Over the years we at Giz Asks have explored numerous aspects of animal behavior and psychology.
Vladimir Dinets Assistant Professor, Kean University of Zoology, research focuses on animal behaviorYes, animals take revenge.
Macaques also do this, albeit indirectly: if they can’t attack the attacker because they are much stronger, they will instead injure someone weaker, sometimes a relative of the attacker.
There are also many cases of injured animals chasing or ambushing their predators when it would be more plausible for these animals to flee or hide.
Revenge in humans is an irrational manifestation of our innate desire for justice, which is often observed in many other primates and has evolved to achieve social cooperation.
Some animals that are known for their revenge attacks on predators are also highly social (e.g. elephants), but others are not (bears, tigers etc), so I don’t have a good explanation for their behavior “Macaques do that too”, although not directly: It’s much stronger to the attacker. If they cannot attack for the sake of it, they will instead harm a weaker person, sometimes a relative of the attacker.” Malini Suchak
Associate Professor, Animal Behavior, Ecology and Conservation, Canisius College I have no doubt that many animals are in reciprocity in what we usually think of as “you scratch my back and I’ll scratch yours”. Reciprocity can also extend to negative behavior, for example, if someone does bad cooperation, you may refuse to cooperate with them in the future.
The reciprocity of negative actions is not exactly the same thing as revenge, which for me is a component of moral justification.
While it may seem obvious that other species have their own moral codes and systems (for example, capuchins react negatively to unjust situations), the idea of taking revenge on other species worries me because it assumes that their moral systems are the same as ours. the same things we do, right or wrong.
I often hear people say things like, “I went on vacation and my cat’s revenge pissed on my bed,” implying that the cat knew it was wrong to pee on the bed but did it anyway to punish them for leaving them.
If this action is seen as revenge, the person may punish or get angry with their cat and it probably won’t change anything the next time they go on vacation.
If seen as stress, they can act to relieve stress the next time they go – a win/win for human and cat.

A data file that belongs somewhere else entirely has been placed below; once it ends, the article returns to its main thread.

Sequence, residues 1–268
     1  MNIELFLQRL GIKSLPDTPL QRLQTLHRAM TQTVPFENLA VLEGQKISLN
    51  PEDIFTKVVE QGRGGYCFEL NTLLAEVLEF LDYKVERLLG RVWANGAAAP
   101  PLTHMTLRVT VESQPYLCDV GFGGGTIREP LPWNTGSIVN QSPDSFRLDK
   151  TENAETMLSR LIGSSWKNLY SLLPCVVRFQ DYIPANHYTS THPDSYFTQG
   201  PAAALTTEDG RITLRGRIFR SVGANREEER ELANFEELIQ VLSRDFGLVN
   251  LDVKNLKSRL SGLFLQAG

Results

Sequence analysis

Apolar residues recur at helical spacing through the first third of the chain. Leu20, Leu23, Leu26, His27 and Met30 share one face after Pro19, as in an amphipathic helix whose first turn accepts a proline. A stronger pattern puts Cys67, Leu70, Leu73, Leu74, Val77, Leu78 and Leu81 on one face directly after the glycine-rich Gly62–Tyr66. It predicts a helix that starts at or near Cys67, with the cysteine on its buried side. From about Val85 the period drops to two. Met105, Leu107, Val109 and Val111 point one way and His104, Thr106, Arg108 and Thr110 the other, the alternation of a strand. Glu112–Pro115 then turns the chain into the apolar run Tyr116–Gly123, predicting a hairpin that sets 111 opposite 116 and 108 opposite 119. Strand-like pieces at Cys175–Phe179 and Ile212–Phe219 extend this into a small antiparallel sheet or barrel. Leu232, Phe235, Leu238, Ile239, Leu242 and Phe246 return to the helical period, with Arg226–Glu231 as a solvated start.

I think that assuming that their treatment of other animals constitutes revenge may be detrimental to the way we actually treat them when they look at the situation very differently. has a moral justification component.
While it may seem obvious that other species have their own moral codes and systems (for example, capuchins react negatively to unjust situations), the idea of taking revenge on other species worries me because it assumes that their moral systems are the same as ours. I study non-human primates, specifically a species called ponytail macaques.
They live in large social groups and are matrilineal – an older mother will have children, and her children will have children.
When one of these families gets into a fight with another family, almost all family members will join in and help out.
It can be quite vicious at times.
On a minor level, if someone from family A attacks someone from family B, that member of family B will likely go after someone from family A later on – chase them, bite them, hit them.
When I tried this, sometimes it was happening later.
Animal A hits animal B, and then animal B chases after animal A’s offspring.
This behavior has also been found in other macaque species—another author studied it in Japanese macaques. , almost all family members will participate and help. ”Stephanie Poindexter
Assistant Professor, Anthropology, SUNY Buffalo, whose research focuses on primate behavioral ecology, among other things, I study primates, and my answer would be: yes, more or less.
Obviously we cannot know their intentions because we cannot ask them what they are planning to do or why they are doing it.
However, in studies of captive primates in social groups in zoos, we have found that when an individual is attacked in some way, they are more likely to attack a relative of the aggressor.
(This phenomenon has also been seen in spotted hyenas.) For the most part, these acts of “revenge” occur shortly after the attack – I’ve never seen anything a primate spends a long time getting revenge on its enemies. .
The nature of living in these hierarchies or groups with a dominant male is fear.
If you don’t behave as expected, this will have repercussions.
There are groups of great apes consisting of one male and more than one female.
In these groups, you may see aggressive behavior towards females straying during a conflict or major fight with another group, these females can be punished because they didn’t maintain group integrity – they didn’t act or behave in the right pattern. in another way that the dominant male does not like.
The goal here is to maintain the group and power. “Obviously we cannot know their intentions because we cannot ask them what they are planning to do or why they are doing it.
However, in studies of captive primates in social groups in zoos, we have found that when an individual is attacked in some way, they are more likely to attack a relative of the aggressor. does he ask?